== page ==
Then there are messaging-centric tools like Slack and Microsoft Teams that promise to keep your company connected using a mix of all-company, department-specific, and project-related channels. Though loved by many, the chaos that ensues as new channels are introduced and old channels pile up is unwieldy to tame, leaving organizations in a worse state than when they started.
One study found that it takes employees an average of eight minutes to get back on track after replying to a chat message. Multiply that by the number of instant messages employees receive in a day and it’s no wonder productivity in today’s digital workplace is suffering.
Throwing out IM is not the solution. In fact, there are still many good uses for quick and sporadic conversations with our coworkers, some of which are outlined in this article: Get the Most out of Internal Messaging: Give it a Home in Your Digital Workplace.
So then, how can we integrate IM into a greater office communication strategy that enables higher levels of productivity and engagement, but still gives employees the flexibility to work how they want? It requires a hybrid approach, with the intranet at the core acting as a consolidation platform and presentation layer into your other applications.
How to enact a 3-in-1 model
Employees will choose the tools that make them the most productive. By centralizing all the information in the digital workplace, the hybrid model creates flexibility for employees of different ages, work preferences, and technical know-how.
The hybrid model for office communications may not come naturally to employees, especially if they’re accustomed to using only one or two of the methods mentioned above. That’s why it’s important that employees understand how the model works and why it’s important to follow it.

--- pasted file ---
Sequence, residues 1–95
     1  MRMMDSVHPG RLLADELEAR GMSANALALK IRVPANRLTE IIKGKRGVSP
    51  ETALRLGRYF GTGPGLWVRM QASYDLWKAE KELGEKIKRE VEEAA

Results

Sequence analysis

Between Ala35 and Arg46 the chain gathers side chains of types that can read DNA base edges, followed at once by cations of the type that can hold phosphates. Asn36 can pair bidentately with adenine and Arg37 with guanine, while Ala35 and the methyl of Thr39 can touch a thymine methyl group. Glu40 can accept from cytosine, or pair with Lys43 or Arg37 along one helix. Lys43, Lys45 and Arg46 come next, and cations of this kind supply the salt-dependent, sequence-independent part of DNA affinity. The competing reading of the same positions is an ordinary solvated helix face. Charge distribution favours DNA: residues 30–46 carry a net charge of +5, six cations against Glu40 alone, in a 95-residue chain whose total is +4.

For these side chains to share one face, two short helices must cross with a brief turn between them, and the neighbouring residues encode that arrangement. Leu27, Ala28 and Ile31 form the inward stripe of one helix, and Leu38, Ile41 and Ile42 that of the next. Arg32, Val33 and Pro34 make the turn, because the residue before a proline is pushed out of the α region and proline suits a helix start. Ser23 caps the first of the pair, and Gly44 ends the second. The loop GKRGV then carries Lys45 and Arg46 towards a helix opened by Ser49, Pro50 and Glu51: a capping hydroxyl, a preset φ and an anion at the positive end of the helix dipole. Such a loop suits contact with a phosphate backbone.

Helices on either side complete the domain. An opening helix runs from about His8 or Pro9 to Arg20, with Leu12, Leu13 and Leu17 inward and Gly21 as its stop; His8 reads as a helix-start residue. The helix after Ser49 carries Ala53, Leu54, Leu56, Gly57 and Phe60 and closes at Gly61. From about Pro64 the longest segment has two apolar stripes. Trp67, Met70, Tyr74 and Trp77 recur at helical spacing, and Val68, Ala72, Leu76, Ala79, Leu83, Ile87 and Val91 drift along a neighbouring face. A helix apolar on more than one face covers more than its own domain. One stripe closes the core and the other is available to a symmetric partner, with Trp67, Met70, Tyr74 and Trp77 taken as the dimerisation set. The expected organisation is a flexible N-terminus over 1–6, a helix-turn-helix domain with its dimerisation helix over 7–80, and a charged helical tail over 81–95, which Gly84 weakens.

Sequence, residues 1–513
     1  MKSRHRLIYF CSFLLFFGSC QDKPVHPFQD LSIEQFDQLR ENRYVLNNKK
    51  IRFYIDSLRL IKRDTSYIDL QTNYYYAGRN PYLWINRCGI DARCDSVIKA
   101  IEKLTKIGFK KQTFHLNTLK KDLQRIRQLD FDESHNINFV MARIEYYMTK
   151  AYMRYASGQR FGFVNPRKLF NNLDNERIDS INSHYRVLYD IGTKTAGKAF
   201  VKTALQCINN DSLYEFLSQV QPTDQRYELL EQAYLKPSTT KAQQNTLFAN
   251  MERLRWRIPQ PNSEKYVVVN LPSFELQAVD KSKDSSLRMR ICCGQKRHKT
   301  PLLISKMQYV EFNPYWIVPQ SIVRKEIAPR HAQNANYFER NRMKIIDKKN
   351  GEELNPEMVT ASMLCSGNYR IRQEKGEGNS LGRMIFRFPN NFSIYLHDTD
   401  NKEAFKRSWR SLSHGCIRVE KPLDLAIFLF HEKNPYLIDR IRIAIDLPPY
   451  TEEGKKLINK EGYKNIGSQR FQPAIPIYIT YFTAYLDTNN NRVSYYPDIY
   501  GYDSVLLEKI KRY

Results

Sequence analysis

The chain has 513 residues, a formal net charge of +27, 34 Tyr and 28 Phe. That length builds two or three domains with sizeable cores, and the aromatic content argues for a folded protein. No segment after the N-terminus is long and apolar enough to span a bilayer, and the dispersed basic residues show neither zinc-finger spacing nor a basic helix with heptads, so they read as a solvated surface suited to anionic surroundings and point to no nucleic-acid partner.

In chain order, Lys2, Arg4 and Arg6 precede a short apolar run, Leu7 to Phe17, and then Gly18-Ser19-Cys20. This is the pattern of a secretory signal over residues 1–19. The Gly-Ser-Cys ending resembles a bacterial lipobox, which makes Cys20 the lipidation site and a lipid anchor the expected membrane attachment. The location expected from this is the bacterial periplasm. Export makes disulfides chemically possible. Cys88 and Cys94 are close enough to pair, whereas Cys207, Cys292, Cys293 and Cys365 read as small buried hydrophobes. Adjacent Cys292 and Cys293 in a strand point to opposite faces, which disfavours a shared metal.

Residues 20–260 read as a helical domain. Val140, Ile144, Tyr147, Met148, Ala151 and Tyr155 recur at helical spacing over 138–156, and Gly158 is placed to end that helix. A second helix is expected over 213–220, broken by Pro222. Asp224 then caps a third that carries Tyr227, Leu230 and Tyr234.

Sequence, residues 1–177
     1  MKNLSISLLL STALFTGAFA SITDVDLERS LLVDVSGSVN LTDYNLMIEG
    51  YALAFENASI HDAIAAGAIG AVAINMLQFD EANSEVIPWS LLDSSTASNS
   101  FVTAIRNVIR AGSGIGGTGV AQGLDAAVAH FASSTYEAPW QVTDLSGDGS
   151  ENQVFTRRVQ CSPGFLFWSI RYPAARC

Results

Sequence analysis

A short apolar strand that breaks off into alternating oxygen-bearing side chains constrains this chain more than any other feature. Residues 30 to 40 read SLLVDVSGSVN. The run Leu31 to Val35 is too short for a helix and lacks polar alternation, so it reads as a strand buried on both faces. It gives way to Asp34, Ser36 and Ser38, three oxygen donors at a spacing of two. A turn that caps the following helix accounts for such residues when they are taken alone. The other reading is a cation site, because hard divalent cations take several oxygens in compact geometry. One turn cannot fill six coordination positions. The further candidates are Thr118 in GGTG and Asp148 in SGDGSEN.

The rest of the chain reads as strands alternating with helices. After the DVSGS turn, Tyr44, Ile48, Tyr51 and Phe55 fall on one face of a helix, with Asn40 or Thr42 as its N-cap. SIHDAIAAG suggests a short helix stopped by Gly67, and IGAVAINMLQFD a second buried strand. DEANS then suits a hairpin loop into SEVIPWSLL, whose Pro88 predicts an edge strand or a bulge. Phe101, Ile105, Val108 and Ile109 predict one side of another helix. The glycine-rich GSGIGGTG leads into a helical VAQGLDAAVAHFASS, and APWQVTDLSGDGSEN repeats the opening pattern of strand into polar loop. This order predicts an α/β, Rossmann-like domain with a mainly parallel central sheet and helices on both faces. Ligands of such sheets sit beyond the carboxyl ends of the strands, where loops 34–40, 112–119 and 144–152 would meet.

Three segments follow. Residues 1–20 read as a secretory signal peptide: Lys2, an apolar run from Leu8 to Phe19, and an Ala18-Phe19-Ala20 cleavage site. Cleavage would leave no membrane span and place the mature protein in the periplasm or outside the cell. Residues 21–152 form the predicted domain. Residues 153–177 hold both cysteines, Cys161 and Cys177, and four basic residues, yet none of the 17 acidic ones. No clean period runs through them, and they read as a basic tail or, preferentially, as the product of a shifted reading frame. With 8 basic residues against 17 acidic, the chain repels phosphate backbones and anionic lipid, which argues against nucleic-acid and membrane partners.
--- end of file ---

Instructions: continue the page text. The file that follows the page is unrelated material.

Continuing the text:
Here are four ways to make the hybrid model an essential part of your culture:
- Clearly communicate the model. Explain what communication tools are available, and how and why they are expected to use them.
- Educate from day 1. Introduce the hybrid model during company or departmental onboarding so that new hires know what the standards are and how they’ll be enforced.
- Remove barriers to adoption. For example, if you want employees to use the intranet for communicating, collaborating, and storing knowledge, make sure it’s easy for them to do so. Otherwise, they’ll find workarounds using other tools.
- Set expectations for compliance. With corporate security at stake, it’s important for employees to know what tools they should (and shouldn’t) use to store sensitive information.
Reap the rewards
Offering a hybrid of communication tools allows you to cater to every employee’s work preferences. After all, everyone wants to foster a work environment where employees can manifest their own work style and reach their full potential.
With a next-gen intranet solution that integrates with your messaging apps and email, you can create a single digital destination where employees send and receive information with ease. Fewer messages to manage, less confusion about what goes where, and a lot more time for productive work.